Provide sufficient ‘game’ or performance opportunity to allow expression without conscious technical thinking. The more exciting and fast moving the game, the better the likelihood of amazing expression. Some of the most astonishing feats and personal moments of absolute quality has been in this type of game play. Take away rational and critical thinking and the body is allowed to express itself truly ‘from the inside-out’. Sometimes beyond the generally accepted acquired technical level for that individual.

So the kids I coach in schools love what cricket allows them to do and feel and be. They believe it is what it is through the way it is presented to them. They now believe, through sensory discovery, that they are capable of far more than they think they are. And if that’s true for their cricket, then it’ll be true for other things as well. They understand the presuppositions of NLP without knowing what they are; and now they have a better view of the world, a better map of the world; and know that they are not that map and that they can be their true selves whenever they want –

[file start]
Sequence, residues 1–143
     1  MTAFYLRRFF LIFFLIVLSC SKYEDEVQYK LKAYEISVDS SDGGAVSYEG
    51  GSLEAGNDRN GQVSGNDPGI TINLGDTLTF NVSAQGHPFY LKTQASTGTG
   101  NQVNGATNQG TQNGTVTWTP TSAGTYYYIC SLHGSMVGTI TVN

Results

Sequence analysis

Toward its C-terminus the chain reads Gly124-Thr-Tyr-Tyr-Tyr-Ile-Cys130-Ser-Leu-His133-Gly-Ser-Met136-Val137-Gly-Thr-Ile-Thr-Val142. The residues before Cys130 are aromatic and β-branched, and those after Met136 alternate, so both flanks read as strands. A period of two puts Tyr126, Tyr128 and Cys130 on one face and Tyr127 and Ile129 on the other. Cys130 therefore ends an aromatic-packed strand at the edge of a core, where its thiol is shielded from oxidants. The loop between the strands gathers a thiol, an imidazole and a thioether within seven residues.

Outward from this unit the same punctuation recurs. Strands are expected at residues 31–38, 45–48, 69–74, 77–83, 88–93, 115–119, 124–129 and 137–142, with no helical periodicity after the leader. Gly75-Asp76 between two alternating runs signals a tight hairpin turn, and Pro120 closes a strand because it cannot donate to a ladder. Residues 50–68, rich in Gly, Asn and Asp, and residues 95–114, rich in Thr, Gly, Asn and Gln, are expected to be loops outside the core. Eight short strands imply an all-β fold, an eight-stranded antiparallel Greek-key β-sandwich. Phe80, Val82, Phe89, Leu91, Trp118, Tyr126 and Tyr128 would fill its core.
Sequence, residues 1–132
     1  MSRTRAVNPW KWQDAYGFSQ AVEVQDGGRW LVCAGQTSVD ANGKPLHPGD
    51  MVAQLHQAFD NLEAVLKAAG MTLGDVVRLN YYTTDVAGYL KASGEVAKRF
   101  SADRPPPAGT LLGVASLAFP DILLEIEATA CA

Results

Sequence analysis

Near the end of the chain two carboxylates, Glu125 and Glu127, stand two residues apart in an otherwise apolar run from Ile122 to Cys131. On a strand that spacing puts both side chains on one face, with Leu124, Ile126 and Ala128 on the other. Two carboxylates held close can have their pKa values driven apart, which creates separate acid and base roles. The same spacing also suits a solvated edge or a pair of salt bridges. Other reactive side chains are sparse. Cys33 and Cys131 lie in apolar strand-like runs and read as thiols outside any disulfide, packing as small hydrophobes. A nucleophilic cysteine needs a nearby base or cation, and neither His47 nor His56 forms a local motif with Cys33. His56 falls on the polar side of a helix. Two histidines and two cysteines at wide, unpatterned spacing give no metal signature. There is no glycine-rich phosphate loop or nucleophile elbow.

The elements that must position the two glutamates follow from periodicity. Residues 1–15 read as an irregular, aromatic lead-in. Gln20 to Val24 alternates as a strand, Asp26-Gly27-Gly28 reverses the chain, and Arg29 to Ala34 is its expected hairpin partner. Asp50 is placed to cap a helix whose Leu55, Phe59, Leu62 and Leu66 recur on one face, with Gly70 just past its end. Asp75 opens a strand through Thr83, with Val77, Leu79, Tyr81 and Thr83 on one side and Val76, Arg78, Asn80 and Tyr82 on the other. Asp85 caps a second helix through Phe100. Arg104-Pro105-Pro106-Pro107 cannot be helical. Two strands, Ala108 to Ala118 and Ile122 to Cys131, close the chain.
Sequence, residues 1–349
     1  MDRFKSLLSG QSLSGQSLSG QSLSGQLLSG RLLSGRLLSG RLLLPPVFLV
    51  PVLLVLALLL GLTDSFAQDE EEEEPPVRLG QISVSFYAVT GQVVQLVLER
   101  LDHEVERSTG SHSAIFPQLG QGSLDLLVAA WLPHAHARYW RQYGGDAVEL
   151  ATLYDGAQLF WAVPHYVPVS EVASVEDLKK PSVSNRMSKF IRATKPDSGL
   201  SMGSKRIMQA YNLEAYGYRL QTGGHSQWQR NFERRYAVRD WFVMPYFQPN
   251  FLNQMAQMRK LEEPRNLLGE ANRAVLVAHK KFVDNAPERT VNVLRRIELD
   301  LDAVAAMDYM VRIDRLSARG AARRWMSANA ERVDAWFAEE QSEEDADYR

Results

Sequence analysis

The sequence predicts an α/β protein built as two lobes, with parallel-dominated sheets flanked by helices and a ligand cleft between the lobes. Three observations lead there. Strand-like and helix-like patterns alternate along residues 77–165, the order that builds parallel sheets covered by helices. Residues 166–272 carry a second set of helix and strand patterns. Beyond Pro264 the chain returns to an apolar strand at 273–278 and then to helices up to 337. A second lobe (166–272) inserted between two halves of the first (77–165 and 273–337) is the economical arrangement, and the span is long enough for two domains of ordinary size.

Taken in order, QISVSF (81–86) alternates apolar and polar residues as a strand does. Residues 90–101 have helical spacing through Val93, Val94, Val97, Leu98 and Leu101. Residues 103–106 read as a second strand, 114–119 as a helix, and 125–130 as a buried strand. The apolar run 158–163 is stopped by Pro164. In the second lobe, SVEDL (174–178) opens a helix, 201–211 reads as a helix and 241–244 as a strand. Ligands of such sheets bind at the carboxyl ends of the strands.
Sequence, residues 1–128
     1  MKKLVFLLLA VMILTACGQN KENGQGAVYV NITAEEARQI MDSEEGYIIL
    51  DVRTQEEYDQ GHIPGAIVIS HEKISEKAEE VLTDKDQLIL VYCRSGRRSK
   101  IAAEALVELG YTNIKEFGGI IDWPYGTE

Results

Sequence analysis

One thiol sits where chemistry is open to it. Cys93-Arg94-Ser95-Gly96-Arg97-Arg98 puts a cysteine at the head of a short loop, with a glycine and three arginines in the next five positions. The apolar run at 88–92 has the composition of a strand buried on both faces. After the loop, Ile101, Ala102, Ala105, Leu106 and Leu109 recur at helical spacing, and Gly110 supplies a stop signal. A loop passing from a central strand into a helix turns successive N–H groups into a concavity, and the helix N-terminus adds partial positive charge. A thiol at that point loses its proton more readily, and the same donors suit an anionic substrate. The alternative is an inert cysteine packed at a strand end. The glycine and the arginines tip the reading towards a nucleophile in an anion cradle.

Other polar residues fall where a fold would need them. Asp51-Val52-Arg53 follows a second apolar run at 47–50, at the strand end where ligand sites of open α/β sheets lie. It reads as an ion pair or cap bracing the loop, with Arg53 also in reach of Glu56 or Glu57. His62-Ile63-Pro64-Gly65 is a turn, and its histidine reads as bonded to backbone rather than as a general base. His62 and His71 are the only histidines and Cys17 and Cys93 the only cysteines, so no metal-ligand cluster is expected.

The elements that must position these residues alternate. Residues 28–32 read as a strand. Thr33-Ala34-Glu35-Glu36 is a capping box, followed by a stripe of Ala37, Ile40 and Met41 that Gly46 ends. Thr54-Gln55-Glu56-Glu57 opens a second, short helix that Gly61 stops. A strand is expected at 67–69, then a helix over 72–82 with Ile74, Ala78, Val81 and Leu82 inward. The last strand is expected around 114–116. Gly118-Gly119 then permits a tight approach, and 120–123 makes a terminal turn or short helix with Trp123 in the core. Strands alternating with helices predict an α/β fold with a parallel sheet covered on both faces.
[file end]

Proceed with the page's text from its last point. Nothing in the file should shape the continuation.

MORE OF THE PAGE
just by allowing themselves to open up to the possibilities......

This model should be true for all of us, all of the time.


Tuesday, July 27, 2010

Extra-ordinary rewards.

Someone asked me recently which I preferred - coaching or therapy. And I found it particularly difficult to give them a straight answer. Each involves communication, rapport, understanding, influence, instruction, guidance, correction, revelation, patience, humility, honesty, clarity....well, I could go on for there's a lot more besides. Oh - and being positive. That's very important.

To be fair, I love doing both, since the common thread here is about making a difference for people. Life's too short after all!